Originally published in MOGreenAction #48, November 3, 2003
Saint Louis is hardly in a position to begin thinking about replacing community gardens with new housing. The city grid is fraught with so much open, vacant space that one can hardly know where targeted rebuilding of housing should begin. Yet one can reasonably assume that some spaces should come last, if at all: open space that is not vacant, including the vibrant community gardens of this city.
Deputy Mayor Barbara Geisman does not agree, and instead has announced that neighborhood gardens are being targeted for new infill housing construction. Given that some of the targeted neighborhood gardens are those in Benton Park and Lafayette Square, I assume this housing is not going to be affordable to most Saint Louisans. Geismanís plans will replace public amenities in upwardly-mobile neighborhoods with exclusive, private spaces.
This is a regressive plan that is typical of the Slay administrationís hostility toward both public spaces and affordable housing. It also allows private developers to make a profit on land that rightly belongs to neighborhoods. Neighborhood groups have rented lots for these gardens from the city Land Reutilization Authority, which until the recent development boom primarily let abandoned property stay abandoned and crime-ridden. Now that real estate developers are looking at land they had previously neglected, they want to steal the land that they would never have bought in the past when neighborhood groups stepped in. This is cheaper than having to buy land used for parking or land that requires environmental remediation and demolition to use.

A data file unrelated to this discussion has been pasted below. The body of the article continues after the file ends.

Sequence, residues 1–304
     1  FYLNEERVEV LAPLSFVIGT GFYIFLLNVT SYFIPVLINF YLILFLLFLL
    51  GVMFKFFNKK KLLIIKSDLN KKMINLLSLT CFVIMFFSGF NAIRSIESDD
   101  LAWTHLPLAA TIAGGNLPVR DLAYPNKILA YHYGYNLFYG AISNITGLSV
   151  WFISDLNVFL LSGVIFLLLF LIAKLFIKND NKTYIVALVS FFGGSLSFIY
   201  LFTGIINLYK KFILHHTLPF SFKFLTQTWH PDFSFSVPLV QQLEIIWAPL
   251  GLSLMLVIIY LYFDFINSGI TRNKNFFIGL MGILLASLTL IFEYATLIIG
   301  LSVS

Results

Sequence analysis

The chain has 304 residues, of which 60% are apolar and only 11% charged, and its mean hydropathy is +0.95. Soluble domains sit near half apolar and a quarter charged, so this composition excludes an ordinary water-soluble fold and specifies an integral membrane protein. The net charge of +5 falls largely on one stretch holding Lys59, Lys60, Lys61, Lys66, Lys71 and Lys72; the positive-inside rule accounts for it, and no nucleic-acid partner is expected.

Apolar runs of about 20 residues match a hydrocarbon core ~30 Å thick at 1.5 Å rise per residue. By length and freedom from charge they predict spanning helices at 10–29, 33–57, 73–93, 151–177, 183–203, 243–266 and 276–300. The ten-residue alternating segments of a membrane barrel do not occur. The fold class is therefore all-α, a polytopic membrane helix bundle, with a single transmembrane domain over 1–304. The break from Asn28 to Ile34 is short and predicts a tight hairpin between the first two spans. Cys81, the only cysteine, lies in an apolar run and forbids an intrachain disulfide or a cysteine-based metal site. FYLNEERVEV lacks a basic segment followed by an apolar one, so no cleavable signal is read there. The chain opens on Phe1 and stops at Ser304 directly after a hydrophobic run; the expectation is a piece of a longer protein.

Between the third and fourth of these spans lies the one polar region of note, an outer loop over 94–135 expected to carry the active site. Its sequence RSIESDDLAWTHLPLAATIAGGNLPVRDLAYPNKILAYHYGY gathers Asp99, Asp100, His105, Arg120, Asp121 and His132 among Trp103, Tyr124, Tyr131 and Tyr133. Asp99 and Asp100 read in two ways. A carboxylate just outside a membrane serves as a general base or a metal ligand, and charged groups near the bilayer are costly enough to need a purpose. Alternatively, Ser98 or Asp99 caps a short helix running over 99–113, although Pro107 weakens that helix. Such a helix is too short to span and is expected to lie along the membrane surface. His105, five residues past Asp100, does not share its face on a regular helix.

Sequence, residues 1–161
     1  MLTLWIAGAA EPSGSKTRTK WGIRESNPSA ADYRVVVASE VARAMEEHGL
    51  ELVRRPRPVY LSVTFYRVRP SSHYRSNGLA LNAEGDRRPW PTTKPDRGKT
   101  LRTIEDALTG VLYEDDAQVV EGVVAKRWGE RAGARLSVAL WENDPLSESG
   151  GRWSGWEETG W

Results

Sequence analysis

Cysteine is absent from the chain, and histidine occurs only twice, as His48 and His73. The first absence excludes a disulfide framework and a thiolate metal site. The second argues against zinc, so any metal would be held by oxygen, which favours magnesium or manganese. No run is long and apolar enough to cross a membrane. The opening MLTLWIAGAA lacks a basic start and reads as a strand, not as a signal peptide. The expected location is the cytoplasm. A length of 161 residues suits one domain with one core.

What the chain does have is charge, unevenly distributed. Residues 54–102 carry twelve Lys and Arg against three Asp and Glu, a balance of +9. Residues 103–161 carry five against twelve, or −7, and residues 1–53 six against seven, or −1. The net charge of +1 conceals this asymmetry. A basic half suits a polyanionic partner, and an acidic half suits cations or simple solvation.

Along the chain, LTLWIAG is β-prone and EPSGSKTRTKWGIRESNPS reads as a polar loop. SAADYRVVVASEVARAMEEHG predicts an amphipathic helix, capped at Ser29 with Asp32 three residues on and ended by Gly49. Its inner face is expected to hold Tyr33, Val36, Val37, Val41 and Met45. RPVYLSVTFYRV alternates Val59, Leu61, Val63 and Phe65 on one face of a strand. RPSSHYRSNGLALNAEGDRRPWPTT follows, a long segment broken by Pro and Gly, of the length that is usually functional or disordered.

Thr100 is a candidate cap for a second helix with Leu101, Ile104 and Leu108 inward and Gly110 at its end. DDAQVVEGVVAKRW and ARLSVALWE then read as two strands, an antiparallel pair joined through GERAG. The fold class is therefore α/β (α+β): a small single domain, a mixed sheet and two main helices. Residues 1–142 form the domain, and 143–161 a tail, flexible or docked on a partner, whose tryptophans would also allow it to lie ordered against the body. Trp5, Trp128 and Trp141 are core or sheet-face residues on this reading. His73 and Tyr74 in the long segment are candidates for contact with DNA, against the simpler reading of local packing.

Perhaps when every last parking lot and brownfield is rebuilt and every abandoned building is renovated we can think about reusing once-vacant lots that neighborhood groups have tended as gardens. I doubt such vitality will ever happen, since the Slay administration is selective in doling out prosperity. Fortunately, those who cannot partake of the real estate boom have found prosperity in home-grown tomatoes, basil and corn on lots previously home to old tires and drug deals. We need to do all that we can to protect the beautiful spaces that they have created -- spaces that everyone can enjoy.